Modeling a measured approach to revealing unseen influences

The E-TICK course is structured using modules that allow learners to build their understanding of communication incrementally.  This feature of the course makes it an excellent resource for individuals who are already interested in exploring the ethical dimension of communication, as well as for facilitators looking for resources with the flexibility to focus on one or a few sections that are particularly relevant to their needs.  Such versatility is particularly useful when considering an audience of learners who are new and potentially sensitive to topics discussed in the course. Each module, and to some extent the sub-sections within it, can stand on their own making it possible for facilitators to include other activities for individuals and groups who might be resistant to the material otherwise.

The deceivingly bite-sized sub-sections challenge assumptions that a communicator could ever be objective or neutral.  These challenges are not brought forth as reprimands but as explorations of common experiences.  The approach to raising these challenges in the course is itself a skillful facilitation technique and lends itself to easy adoption by any teacher, leader, or discussion group.  Each challenge is offered as a process that begins with a question.  For example, in Module One under ‘Shifting Perspectives’ one of the first sub-sections is entitled: ‘In which reality do we live?’  This stark and often rhetorical or ironic question opens a very genuine epistemological inquiry.  The question is teased out through an activity in which the learner is asked to listen to a guided meditation that takes them on a ‘walk through the park’, which seems to anticipate a perceived disconnect between the question and ethical communication.  At this point in the module, the challenge to the learners’ acceptance of an observable objective reality has already taken place.  However, the depth of the challenge will not be revealed until the learner is asked a series of questions which beautifully demonstrate the way in which our ‘reality’ is influenced by the messages we all receive, internalise, and often reproduce.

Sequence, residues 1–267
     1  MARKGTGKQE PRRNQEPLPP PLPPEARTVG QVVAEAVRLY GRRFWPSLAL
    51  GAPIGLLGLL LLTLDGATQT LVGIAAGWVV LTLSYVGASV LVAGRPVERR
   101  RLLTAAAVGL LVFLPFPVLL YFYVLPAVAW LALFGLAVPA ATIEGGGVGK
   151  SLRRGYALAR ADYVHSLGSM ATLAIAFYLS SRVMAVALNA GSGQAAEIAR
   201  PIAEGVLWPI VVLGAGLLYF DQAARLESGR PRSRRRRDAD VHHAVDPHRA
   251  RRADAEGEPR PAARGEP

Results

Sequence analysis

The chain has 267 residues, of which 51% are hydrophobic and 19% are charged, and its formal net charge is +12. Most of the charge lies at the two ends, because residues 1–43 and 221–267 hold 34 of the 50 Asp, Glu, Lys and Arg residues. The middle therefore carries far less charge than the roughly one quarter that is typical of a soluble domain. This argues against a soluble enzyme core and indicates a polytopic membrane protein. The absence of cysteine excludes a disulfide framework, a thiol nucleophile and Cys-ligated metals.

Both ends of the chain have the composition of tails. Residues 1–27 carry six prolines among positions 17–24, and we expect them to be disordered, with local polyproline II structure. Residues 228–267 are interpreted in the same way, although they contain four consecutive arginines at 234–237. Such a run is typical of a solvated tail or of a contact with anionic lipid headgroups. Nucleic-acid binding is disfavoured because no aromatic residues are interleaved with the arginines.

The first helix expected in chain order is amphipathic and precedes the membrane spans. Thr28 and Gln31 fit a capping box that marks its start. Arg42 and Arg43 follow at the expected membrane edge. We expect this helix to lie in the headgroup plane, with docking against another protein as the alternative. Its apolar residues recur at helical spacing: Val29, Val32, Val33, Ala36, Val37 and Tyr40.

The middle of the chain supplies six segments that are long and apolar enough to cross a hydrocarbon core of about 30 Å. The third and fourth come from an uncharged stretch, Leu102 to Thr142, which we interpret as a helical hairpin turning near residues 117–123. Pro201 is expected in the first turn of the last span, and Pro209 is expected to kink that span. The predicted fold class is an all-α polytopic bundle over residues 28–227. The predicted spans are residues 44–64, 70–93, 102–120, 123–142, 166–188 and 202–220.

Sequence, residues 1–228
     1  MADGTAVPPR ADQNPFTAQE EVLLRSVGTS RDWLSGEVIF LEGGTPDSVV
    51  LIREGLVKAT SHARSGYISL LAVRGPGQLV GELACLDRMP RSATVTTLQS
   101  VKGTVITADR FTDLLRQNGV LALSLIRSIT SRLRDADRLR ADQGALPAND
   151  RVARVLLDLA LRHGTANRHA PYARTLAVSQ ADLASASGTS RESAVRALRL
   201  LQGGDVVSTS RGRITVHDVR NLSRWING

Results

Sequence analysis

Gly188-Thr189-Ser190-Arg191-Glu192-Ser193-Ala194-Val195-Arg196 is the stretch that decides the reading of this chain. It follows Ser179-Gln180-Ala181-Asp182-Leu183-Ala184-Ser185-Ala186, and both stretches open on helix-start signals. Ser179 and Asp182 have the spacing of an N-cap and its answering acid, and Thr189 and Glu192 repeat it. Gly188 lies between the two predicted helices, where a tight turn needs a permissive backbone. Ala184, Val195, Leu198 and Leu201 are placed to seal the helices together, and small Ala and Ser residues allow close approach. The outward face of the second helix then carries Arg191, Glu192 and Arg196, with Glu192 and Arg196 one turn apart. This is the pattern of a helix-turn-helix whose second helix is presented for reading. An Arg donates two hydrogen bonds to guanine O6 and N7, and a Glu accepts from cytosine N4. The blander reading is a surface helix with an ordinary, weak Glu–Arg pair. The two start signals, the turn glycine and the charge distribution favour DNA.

This technique of subtly challenging assumptions through what appear to be rhetorical questions and then following them up with activities that allow the learner to recognise and dismantle their own biased communication of messages is repeated in each module.  This repetition of process utilises different modes of engagement along the way; some passive, some more active, but all contributing to the effectiveness of the course by minimising the feeling that the learner is just doing the same thing over and over.

Ethical communication, ethical living